Devolution: Definition, Theory & Examples

Devolution: Definition, Theory & Examples
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  • 0:01 What Is Devolution?
  • 1:47 Identity & Theory
  • 2:57 The U.K.
  • 4:01 Spain
  • 4:37 Lesson Summary
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Lesson Transcript
Instructor: Erin Carroll

Erin has taught English and History. She has a bachelor's degree in History, and a master's degree in International Relations

In this lesson, you'll learn what devolution is, why countries have devolved systems, and look at two examples. Finally, the lesson will briefly discuss two ideas about why devolution is on the rise.

What Is Devolution?

Violet is 19 years old, goes to community college, and still lives at home. She and her parents often fight about curfews, how often she cleans her room, and even her use of the air conditioning. Violet is tired of living by her parents' rules because she has different needs and interests. Finally, they make a deal that she'll respect the rules of the house, but she can do whatever she wants in her own room. She's still a member of the household, but she can make more decisions for herself. This is the basic idea behind devolution.

Appropriate analogy aside, devolution is a process in which a central government of a country grants powers to subnational governments (e.g. regional, state, or local governments). This process of decentralization distributes power to territories that want more authority over their own affairs. The most famous example of devolution is in the United Kingdom, where Scotland, Wales and Northern Ireland exercise authority over their own lands, but remain part of the U.K. Usually, the central government maintains power of things like national security and defense but allows devolved governments to do things like set up courts, make laws, and regulate education.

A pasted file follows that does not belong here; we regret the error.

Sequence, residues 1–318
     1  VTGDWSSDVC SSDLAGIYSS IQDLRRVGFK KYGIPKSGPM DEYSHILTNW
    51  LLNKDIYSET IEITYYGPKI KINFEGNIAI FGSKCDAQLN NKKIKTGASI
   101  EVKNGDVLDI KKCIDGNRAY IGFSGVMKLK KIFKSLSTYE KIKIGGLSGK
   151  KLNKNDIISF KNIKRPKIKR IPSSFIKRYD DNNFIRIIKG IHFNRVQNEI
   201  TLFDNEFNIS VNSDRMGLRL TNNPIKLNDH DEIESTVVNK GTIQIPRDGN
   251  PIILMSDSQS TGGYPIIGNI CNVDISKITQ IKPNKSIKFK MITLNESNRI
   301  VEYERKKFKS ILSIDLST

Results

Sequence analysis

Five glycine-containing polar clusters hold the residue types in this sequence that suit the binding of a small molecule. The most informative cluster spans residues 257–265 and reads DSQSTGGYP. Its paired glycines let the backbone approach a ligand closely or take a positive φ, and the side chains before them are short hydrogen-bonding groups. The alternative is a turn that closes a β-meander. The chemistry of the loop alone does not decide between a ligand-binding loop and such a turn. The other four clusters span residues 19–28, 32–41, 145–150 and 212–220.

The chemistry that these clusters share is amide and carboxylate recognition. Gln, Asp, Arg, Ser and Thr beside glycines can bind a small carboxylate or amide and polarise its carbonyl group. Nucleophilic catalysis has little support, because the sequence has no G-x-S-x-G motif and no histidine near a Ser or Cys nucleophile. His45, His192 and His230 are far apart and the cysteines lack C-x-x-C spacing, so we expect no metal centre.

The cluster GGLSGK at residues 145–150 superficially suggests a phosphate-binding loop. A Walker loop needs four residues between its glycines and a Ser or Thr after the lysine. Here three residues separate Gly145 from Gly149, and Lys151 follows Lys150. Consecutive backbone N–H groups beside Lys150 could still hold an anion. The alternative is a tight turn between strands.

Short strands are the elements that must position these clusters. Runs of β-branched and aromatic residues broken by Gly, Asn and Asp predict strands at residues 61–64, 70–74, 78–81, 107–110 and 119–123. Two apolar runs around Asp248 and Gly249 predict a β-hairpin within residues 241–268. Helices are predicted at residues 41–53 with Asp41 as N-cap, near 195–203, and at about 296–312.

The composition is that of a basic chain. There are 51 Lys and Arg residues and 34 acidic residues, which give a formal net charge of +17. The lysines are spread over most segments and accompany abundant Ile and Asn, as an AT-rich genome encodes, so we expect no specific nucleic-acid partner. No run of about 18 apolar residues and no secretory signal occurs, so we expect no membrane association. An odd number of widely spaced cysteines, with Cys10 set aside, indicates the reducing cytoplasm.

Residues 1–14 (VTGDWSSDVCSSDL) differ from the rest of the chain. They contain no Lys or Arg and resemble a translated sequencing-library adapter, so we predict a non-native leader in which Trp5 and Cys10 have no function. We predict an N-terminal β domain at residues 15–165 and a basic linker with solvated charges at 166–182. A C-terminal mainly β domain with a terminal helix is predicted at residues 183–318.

Devolution is very similar to federalism. In the U.S. federalist system, state governments have the power to make their own laws and policies. The Federal government is still sovereign and maintains powers over foreign policy and defense, but each state can govern itself. The biggest difference between devolution and federalism is that federalism is guaranteed in the Constitution of the United States. In a devolved system, the granting of powers to subnational governments isn't guaranteed in the constitution, and devolved powers may be temporary.

Identity and Theory

The formation of ethno-regional identity is at the heart of devolution. Let's look at it this way: a region may have different needs and interests than the rest of the nation and feel that the federal government isn't serving or even hearing them. That region may request a devolved government to govern itself in a way that's more relevant to its unique needs. Alternatively, a region may be populated by a particular ethnicity that has its own identity different than the dominant ethnic identity in the nation. That process might lead to calls for a devolved government.

These regions want the power to control their own affairs in a way that makes sense to them. This desire for greater autonomy can lead to protest, and even violence. In the U.K. and Spain, two of the most well-known devolved countries, separatist terrorist groups perpetrated acts of violence for decades. The central government may agree to devolution to ensure that a region remains part of the country but stops stirring up trouble. However, devolution can strengthen these ethno-regional identities, and sometimes that can strengthen the desire for independence.

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